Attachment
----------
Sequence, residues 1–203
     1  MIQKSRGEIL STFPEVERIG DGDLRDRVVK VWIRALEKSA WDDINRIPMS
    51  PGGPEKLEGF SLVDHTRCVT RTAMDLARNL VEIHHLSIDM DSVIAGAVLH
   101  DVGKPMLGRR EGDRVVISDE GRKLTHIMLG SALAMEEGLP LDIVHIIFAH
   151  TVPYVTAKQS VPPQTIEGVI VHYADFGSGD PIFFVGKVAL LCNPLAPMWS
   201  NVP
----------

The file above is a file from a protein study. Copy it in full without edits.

Sequence, residues 1–203
     1  MIQKSRGEIL STFPEVERIG DGDLRDRVVK VWIRALEKSA WDDINRIPMS
    51  PGGPEKLEGF SLVDHTRCVT RTAMDLARNL VEIHHLSIDM DSVIAGAVLH
   101  DVGKPMLGRR EGDRVVISDE GRKLTHIMLG SALAMEEGLP LDIVHIIFAH
   151  TVPYVTAKQS VPPQTIEGVI VHYADFGSGD PIFFVGKVAL LCNPLAPMWS
   201  NVP